Combine all of the ingredients except the blueberries in a large mason jar. Stir well and put this in the refrigerator until very cold.
To ensure even placement of blueberries, you will need to build the ice pops in three stages. The reason for this is that blueberries float and if you were to put the blueberries and liquid into the molds all at once, by the time the pops froze, all the blueberries would be bunched up at the bottom of the popsicle.
Place 2 or 3 blueberries in the bottom of each mold and pour just enough of the cold liquid to cover them. Place the mold in the freezer until liquid is completely frozen—not just slushy. Also, do not add the sticks at this stage.
Add 3 or 4 blueberries to each mold and again add enough liquid to cover. At this point place the top on the mold and insert sticks into each one. Return to the freezer and leave until completely frozen
Very very very carefully remove the top of the mold, making sure to hold each stick in place as you do. (Since the molds are not completely full, the sticks will want to move around.) Now, add 2 or 3 more blueberries to each mold and cover with liquid—leaving about a 1/4 inch of space at the top of each one. Put back in the freezer and leave until fully set. No need to replace the top at this point, as the sticks should be frozen in place already. When ready too remove the pops, run a little warm water over the bottom of the molds to loosen each pop.
If done with love and care, you should have ten pops that look roughly like this:
Once out of the freezer, make sure to pass around the pops quickly. Since there is wine in them, they will freeze solid, but will start to melt more quickly than if they were made of only juice. If there are going to be kids around, you can always follow this same recipe, omitting the Rosé, so that they can enjoy the popsicles as well as the grown-ups.
Feel free to try different variations of the fruits. You can use raspberries, slices of strawberry, a combination of all of them, or even leave the fruit out completely. If you choose the latter route, you will not have to do the popsicles in three stages, but can fill each one and place the stick in all at once.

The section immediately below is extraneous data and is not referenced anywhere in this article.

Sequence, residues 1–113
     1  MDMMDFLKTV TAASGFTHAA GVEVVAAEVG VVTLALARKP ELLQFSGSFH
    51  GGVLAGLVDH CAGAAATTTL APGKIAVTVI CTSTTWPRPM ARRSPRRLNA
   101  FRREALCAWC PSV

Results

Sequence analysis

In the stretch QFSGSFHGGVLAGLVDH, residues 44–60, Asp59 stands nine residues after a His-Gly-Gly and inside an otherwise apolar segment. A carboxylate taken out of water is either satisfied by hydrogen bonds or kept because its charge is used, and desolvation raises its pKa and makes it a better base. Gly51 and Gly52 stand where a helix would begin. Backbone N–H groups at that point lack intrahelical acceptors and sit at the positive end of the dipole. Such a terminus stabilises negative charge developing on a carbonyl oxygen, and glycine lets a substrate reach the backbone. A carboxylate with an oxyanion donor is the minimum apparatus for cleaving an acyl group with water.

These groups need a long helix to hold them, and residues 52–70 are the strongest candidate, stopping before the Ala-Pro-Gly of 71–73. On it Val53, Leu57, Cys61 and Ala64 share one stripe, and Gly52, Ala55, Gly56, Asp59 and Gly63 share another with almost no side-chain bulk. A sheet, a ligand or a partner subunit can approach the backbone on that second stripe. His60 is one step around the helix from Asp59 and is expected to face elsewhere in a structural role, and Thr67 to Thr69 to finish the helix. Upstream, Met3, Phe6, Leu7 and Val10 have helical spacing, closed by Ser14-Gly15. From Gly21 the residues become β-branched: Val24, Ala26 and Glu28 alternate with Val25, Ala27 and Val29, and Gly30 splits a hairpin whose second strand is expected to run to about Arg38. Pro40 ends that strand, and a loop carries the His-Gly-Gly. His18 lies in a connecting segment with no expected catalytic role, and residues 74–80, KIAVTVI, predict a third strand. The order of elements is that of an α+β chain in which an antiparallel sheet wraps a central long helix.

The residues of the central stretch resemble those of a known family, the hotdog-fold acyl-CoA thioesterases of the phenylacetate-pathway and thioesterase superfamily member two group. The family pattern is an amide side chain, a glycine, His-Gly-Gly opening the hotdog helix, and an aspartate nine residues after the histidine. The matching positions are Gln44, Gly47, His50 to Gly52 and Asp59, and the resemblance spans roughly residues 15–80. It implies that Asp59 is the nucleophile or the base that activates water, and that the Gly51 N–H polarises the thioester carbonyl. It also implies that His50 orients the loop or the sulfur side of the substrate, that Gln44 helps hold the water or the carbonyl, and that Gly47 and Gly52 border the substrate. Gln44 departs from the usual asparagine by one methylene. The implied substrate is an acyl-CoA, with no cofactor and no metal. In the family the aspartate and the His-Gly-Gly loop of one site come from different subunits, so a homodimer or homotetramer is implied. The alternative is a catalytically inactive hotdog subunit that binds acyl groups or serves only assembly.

These popsicles don’t only look fun, they are a delicious sweet surprise to the end of any summer inspired get-together.
Bon Appétit and keep those #pinkies down!
One of my favorite simple spring cocktails is the Pimm’s Cup. I think I had my first one in New Orleans, but since then I have ordered them at cocktail bars all around the country. Unlike many classic cocktails, there isn’t a tried and true unwavering recipe for the drink. I have had them made as simply as combining Pimm’s with ginger ale or lemonade, but probably the best Pimm’s Cup I can remember was at Anvil Bar & Refuge in Houston, Texas. It was so good, I actually asked if they would share the recipe. To be honest, I wasn’t expecting much, but they were so gracious that they immediately printed out a full copy of their recipe which included gin, club soda and muddled cucumber.
So, when I was recently tasked with creating a new cocktail using the Underwood Rosé Bubbles, I wanted to create my own interesting take on the classic cocktail. I decided to steal a little bit from the Anvil recipe but expand it in other ways. Pimm’s is a great addition to any at-home liquor cabinet, and you can have a lot of fun with this version or with inventing your own variations. The Rosé Bubbles adds the much-needed bubbles in place of the club soda or ginger ale.
This recipe makes 2 drinks…’cause who wants to drink alone?
Sparkling Pink Pimm’s Cup
6 oz Underwood Rosé Bubbles
2 oz gin (we’ve been loving the locally made Rose City Gin)
1.5 oz Pimms’s No.1
2 oz Grenadine syrup
1.5 oz fresh-squeezed lemon juice
2 inch chunk of cucumber roughly chopped
10-12 fresh mint leaves
2 straws, (preferably not made of plastic!)
Put the cucumber and mint in a medium to a large shaker and muddle well.
Add the gin, Pimm’s, Grenadine syrup, and lemon juice to the shaker and gently muddle. Add 1-2 cups of ice and shake well.
Fill two tall glasses with ice and paper straws. Put 2 oz. Rosé Bubbles in each glass.
Using a cocktail strainer (or small fine mesh colander) divide the liquid in the shaker between the two glasses.
Top off each drink with another ounce or so of the Rosé Bubbles. (This is where the straw comes in very handy. It, more or less, allows the drink to mix as it’s consumed.) You can garnish with extra mint or cucumber if that’s your jam, but I’ve never been one for unnecessary garnishes. I do strongly recommend serving the drinks with a side of cucumber slices with lemon and kosher salt for an extra little treat.
We hope this will brighten up your spring afternoons and impress your friends.
Cheers and keep those #pinkiesdown.